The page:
The Handmaid’s Tale Season 5 Finale Review: Safe

The penultimate season concludes with a stark warning that anywhere could become Gilead. 

The Handmaid's Tale 5-10 Elisabeth Moss
Photo: Hulu

Warning: contains spoilers for The Handmaid’s Tale Season 5 Episode 10.

Season five’s tagline was “Some sins can’t be washed away”, but it could have been the words June delivered in this finale: “America wasn’t Gilead until it was, and then it was too fucking late.” That was this season’s warning, and its justification for telling a story so bleak that our hero just got chased out of the sanctuary, and away from the husband, she’d spent four seasons striving to reach. 

If this show wasn’t making such a valid and timely protest with June’s storyline, it’d be pure sadism by this point. June’s more than earned a happy ending, but the potential of using her character to dramatize the asylum experience was too great to let her rest yet. Thus, the Handmaid’s tale becomes the refugee’s tale; June’s story now mirroring those of real displaced people who thought they’d stepped onto solid ground only to discover it was quicksand.

Remember Emily being clapped by strangers as she walked into that Toronto hospital? It didn’t take long for that applause to become jeers, and for those jeers to become violence. Little by little, The Handmaid’s Tale has turned up the temperature on Canada’s intolerance, and with Gilead’s help, June’s been forced out before it reaches boiling point. First came the Waterfords’ fan club, then the Wheelers (proof that no society should let an individual get rich enough to fund their own personal army), then the street harassment, and then the angry men with guns. Canada’s not Gilead now, said season five, but it could be, and so could anywhere. It’s a dismal but grimly realistic conclusion to draw. 

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The finale’s view on the state of the world might have been bleak, but it still emphasised the existence of goodness and love. Three men made sacrifices – to a greater or lesser extent – to protect June and Nichole. Mark Tuello risked his position to get them on a train, while Nick and Luke exchanged their own freedom and safety for their daughter, and for the woman they adore. (Nichole has two dads, both in love with her mother, and when this is all over we demand the sitcom that scenario deserves.)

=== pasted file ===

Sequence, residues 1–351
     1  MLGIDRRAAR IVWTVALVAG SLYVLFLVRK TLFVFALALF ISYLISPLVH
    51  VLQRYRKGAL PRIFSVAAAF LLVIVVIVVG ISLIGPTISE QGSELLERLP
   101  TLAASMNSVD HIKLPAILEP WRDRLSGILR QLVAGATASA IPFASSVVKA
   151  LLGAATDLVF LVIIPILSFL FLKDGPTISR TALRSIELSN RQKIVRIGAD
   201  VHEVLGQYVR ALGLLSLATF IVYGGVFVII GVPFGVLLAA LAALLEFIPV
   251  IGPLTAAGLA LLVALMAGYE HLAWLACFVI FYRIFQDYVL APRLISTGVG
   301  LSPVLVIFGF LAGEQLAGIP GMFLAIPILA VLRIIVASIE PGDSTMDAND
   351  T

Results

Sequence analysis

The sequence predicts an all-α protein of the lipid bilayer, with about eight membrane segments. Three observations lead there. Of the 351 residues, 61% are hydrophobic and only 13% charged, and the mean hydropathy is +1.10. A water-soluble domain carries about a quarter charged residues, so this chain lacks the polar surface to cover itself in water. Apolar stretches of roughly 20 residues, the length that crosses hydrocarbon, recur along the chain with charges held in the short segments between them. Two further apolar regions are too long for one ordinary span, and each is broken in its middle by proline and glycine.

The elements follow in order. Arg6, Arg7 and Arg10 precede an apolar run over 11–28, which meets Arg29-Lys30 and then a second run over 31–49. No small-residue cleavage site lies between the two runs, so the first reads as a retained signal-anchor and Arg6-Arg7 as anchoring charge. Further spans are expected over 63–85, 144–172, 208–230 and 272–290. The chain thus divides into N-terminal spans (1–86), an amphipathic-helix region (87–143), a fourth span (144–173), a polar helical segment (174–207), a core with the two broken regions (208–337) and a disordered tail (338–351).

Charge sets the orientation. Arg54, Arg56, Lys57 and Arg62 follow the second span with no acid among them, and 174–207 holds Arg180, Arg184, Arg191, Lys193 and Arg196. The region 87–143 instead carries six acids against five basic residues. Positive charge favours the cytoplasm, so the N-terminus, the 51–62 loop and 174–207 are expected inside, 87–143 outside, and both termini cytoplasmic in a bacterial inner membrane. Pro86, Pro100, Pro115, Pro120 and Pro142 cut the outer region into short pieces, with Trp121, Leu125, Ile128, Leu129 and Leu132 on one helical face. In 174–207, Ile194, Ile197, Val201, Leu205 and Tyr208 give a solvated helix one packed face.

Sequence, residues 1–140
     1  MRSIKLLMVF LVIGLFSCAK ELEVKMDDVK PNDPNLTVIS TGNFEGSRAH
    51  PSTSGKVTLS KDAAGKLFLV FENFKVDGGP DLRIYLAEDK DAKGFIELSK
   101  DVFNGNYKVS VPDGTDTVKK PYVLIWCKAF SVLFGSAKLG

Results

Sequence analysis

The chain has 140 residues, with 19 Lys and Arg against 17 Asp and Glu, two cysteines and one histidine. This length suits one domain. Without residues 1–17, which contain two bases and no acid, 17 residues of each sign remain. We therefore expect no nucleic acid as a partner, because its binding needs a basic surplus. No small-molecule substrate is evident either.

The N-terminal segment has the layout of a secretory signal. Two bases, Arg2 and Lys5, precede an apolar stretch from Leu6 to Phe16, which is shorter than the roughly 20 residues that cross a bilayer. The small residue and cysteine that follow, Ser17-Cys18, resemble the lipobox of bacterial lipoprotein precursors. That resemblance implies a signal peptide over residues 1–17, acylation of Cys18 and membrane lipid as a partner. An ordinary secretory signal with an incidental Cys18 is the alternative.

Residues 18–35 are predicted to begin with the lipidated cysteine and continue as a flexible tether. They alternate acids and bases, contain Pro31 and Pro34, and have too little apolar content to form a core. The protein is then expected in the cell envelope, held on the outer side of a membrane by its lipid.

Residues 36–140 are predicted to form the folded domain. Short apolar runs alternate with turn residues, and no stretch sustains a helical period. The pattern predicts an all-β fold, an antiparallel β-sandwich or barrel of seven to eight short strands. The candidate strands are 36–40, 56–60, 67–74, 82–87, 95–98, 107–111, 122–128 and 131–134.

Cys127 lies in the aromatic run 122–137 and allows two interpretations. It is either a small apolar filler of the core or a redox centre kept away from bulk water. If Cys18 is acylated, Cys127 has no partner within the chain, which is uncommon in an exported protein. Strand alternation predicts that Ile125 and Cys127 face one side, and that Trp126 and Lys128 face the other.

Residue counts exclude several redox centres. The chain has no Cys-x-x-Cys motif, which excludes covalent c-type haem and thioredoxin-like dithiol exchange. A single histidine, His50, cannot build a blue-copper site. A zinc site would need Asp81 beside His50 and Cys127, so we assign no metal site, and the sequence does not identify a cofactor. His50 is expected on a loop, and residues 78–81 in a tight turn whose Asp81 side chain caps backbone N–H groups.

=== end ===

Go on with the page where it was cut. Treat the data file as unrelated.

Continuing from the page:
Two dads, a mother, plus whatever Serena is to that little girl – doting former kidnapper, creepy auntie who gets you a bible every birthday? That final reunion in the train carriage made a nicely wry counterpart to the high emotions of June and Luke’s goodbye. Serena’s moonstruck “Hi June” meeting June’s ‘Seriously. Her?’ eyebrow-raise sliced through the intensity and set up the journey ahead. Looks like the road trip is back on for season six.

What’s the betting that Serena’s going to interpret this coincidence as yet more proof that June is her own heaven-sent angel? Of all the punishments this show has laid on June Osborne, her inability to shake Serena is perhaps the meanest. It’s certainly the funniest. 

There was obviously nothing funny about the brutal car attack, which proved that finale director Elisabeth Moss hasn’t run out of inventively sickening ways to shoot her character’s pain. Almost every scene leading up to the attack, and most after it, were made ominous by the old horror movie trick of whistling wind and silence. June’s been the star of a horror movie since this show began – she’s its final girl. 

Or one of two. Janine is still fighting, having spent season five looping the loop between obedience and rebellion under Aunt Lydia and her weird-ass mother’s love. Like June with the New Bethlehem proposal, Janine turned down the offer of mandated, supervised time with a daughter she’d have to pretend wasn’t hers, and instead let Naomi Putnam have it both barrels. The intense satisfaction of that moment was only compromised by Ever Carradine playing Naomi’s utter cluelessness about being a baddy in this story so well that you almost felt sorry for her. Almost. 

Lawrence lost any shot at our sympathy when he turned a blind eye to Gilead targeting June (spot the bumper sticker on that SUV? That regime’s branding has always been on-point). It’s not the first time Lawrence has done that; he also voted for the Chicago air strikes that nearly killed June and Janine in season four. This betrayal was a step too far for Nick, who wrestled with his conscience and came down on the side of: fuck it. He could either watch helplessly as Gilead killed June and maybe Nicole, or he could take Mark up on his offer and turn US spy, so he did. Finally! Long-awaited movement from Nick Blaine, who’s gearing up for an eventful final season.

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Before he can bring Gilead down from the inside, Nick needs to get out of that prison cell. Will Lawrence repay the favour from the season four opener and open the door? There’s no guarantee now that Bradley Whitford’s character is on his Gilead ascension, complete with wife, child and a home that’s no longer an art-filled intellectual sanctuary for independent minds, but a ‘Daba Daba Dab’ confection of roses, frills and pastel macarons, where mouthy Marthas get muzzled and carted off by the Eyes instead of tolerated. 

Lawrence’s new conformity is steadily shedding him accomplices. He’s lost June, Nick, and very likely Aunt Lydia, who won’t forgive the order to seize her beloved Janine. Meanwhile, June’s stuck with an accomplice she never wanted, and in the exact same boat (read: refugee train) as her former tormentor. With one season remaining of this story, we say Godspeed, Miss Osborne. And I guess, in the spirit of magnanimity – Godspeed, Mrs Waterford too. 

The Handmaid’s Tale Season 5 is available to stream on Hulu in the US and airs weekly on Sundays on Channel 4 and Prime Video in the UK.